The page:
The Mill on the Floss

The Mill on the Floss


George Eliot

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The Mill on the Floss: Book 1, Chapter 10 Summary & Analysis

Just then, Lucy appears in the doorway smeared with mud. When the children went outside to play, Tom continued to give preference to Lucy because he was annoyed with Maggie. He invited Lucy to look at the pond with him and left Maggie behind. When Tom told Maggie that “nobody asked you to come,” Maggie pushed Lucy into the muddy pond. Tom promptly brought Lucy to the house and told the maid that Maggie is to blame.
Maggie’s habit of acting out in brief expressions of rage and distress—like pushing Lucy into the mud—suggests that she finds it very difficult to express her emotions in healthier ways. This is because, as a girl, she is constantly told to be polite, neat, and demure. Her outburst of frustration suggests that she struggles to bottle up her feelings in the way she is expected to.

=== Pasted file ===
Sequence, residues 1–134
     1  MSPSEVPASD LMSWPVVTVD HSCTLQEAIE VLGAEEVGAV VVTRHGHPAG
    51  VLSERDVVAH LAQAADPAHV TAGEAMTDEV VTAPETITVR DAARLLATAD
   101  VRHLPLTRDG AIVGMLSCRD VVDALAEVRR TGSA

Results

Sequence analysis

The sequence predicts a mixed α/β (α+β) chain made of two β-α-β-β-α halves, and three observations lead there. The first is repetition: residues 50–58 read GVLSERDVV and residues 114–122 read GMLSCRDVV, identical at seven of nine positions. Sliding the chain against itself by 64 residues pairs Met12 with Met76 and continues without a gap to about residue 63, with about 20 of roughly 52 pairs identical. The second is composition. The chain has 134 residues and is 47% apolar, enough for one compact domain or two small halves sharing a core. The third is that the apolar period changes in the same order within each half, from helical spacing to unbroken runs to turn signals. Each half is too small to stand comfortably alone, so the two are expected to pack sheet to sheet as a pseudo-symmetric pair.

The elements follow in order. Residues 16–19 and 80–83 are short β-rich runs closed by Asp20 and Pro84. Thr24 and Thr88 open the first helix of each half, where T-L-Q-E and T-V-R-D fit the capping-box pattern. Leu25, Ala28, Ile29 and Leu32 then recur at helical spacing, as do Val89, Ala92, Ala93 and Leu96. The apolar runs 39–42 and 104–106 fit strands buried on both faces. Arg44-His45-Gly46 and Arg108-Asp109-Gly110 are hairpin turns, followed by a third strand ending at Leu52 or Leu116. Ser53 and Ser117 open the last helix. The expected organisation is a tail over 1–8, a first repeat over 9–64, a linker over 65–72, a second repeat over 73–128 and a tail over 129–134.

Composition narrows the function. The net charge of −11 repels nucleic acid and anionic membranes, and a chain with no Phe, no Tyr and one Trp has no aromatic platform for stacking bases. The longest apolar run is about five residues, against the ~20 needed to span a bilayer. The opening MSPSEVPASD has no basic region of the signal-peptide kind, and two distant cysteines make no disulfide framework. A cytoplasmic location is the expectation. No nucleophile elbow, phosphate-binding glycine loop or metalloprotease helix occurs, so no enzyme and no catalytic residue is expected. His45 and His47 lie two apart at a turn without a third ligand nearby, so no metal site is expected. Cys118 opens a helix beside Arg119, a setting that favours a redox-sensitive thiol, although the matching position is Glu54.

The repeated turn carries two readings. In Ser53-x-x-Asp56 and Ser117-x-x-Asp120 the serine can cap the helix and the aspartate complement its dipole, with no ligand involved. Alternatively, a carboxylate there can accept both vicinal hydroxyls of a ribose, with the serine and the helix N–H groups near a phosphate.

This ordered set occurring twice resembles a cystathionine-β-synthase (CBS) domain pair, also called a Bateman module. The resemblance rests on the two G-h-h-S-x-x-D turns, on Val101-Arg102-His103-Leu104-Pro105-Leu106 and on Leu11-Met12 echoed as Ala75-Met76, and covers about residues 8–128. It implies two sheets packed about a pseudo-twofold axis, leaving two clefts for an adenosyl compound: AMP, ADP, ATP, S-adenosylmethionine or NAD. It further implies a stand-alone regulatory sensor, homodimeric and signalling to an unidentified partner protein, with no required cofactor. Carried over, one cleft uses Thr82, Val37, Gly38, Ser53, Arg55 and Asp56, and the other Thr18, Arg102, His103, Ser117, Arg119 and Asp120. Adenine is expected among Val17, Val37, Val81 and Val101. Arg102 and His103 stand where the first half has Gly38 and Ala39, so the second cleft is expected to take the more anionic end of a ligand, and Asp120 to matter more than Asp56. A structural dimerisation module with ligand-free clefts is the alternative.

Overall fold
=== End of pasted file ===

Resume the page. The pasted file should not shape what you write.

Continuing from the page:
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Literary Devices
The Pullets are horrified by having so much mud in the house, and take this as another indication that the Tulliver children are very naughty and will come to a bad end. Felling like a “truly wretched mother,” Mrs. Tulliver goes outside to find her children, and Tom informs her that Maggie is missing. After a search around the house, they decide that she must have walked home, so they go to look for her there.
Here, the Dodson aunts demonstrate their usual rush to judgment without evidence. Rather than inquiring further into the situation between the children (which would have revealed that Tom was bullying Maggie), they immediately condemn Maggie and suggest that this supports their prior expectation that she would come to a bad end.
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